Draft minutes

Customer Experience Task Group
Friday, 3 April 2020 10.30 am

Proposed venue: REMOTE MEETING

Contact: Kunwar Khan, Scrutiny Officer 

Items
No. Item

1.

Residents' Survey meeting, 2 March 2020

    Minutes:

    Members:        Will Forster (WF), Bob Gardner (BG), Nick Harrison (NH), Richard Walsh (RW)

    Officers:          Clive Mentzel (CM)

     

    Key points raised during the discussion:

    1. WF outlined the potential recommendations that he formulated, which were circulated in an email prior to this meeting. NH invited comments on these.
    2. RW asked exactly how the budget consultation with residents, as mentioned in WF’s potential recommendations, would be done. The Council should make choices in a succinct way that the public would appreciate and understand. WF responded that this point was about using processes to obtain survey data.
    3. Budget consultation gave residents some choice and the ability to weigh up pros and cons. The Task Group was looking at the Council going down this route.
    4. Members emphasised that as part of resident budget consultation it was important to give respondents options and information. Asking residents what they wanted the budget to be without any specific options was not helpful as answers could be lacking in direction. It was also deemed important to differentiate between statutory services, where there may be minimum levels of spending, and non-statutory services.
    5. NH mentioned a residents’ consultation he had encountered at another Local Authority (LA) in the past, which had a format whereby respondents had to provide their top three areas or preferences for the Council. He was of the opinion that this was a good format to consider.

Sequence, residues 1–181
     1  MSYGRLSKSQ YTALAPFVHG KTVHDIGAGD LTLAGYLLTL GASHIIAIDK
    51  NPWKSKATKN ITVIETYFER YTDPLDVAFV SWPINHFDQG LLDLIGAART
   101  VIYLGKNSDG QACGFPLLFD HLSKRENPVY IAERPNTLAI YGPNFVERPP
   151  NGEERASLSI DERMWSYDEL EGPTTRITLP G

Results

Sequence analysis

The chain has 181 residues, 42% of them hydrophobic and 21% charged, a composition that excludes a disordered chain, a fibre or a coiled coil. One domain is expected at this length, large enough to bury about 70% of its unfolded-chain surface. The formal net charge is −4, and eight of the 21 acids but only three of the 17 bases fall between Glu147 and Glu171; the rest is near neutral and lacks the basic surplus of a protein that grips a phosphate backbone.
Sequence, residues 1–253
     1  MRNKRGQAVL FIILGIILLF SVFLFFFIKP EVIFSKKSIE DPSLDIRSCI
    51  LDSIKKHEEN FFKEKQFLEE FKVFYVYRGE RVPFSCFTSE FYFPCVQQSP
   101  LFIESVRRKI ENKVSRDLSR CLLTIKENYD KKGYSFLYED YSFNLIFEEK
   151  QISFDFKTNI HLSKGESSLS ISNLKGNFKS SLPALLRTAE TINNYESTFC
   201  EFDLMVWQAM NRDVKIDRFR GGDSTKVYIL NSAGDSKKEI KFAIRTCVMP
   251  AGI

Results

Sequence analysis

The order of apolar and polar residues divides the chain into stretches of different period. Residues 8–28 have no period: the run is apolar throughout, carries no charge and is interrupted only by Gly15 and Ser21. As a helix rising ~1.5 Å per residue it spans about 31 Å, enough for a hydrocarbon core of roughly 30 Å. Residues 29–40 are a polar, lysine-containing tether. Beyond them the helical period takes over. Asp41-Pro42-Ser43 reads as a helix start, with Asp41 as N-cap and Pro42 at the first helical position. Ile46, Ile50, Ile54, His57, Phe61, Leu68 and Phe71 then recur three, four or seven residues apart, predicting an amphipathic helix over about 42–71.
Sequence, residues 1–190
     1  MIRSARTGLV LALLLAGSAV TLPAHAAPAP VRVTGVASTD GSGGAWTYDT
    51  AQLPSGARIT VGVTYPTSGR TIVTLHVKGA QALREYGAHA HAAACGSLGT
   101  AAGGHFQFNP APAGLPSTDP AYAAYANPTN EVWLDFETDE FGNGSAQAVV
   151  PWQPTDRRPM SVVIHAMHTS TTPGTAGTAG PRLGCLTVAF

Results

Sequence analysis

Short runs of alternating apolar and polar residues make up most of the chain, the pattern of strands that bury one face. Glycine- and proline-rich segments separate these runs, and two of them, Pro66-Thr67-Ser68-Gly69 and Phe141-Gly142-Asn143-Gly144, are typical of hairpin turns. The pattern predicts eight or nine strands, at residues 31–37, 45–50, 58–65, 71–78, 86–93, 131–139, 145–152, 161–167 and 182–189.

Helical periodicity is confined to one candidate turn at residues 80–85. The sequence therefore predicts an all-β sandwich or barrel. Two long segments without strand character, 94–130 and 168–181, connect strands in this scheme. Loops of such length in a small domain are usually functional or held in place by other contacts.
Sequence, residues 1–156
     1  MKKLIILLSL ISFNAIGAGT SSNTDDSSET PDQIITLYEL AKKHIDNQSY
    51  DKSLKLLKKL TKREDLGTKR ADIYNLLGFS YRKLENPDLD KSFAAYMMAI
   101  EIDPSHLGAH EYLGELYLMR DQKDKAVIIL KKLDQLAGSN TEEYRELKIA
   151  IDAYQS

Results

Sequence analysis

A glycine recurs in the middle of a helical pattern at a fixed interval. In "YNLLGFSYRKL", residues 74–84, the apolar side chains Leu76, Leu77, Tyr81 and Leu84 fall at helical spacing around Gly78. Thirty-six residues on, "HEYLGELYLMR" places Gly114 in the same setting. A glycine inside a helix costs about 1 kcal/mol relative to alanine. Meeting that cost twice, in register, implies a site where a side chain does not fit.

6. BG said that Surrey County Council had conducted research in the past where they asked a panel of residents to allocate a sum of money to services, which made residents realise the difficult choices when it came to the budget. However, as residents could struggle to find a solution without the broader context and background about where to allocate funds, this sort of consultation may not be very useful, as it may not provide answers.
    7. RW remarked that consulting with residents using methods beyond the survey could be difficult as certain group, for example, Councillors and others who had contact with the Council, could have their own vested interests and political considerations.
    8. NH reflected that it would be useful to ask residents the reasons for their opinions on the budget. This would provide a range of opinions, be more instructive and hopefully provide some guidance on what could make residents change their minds. However, BG was wary about giving residents the option to say they wanted no council tax at all.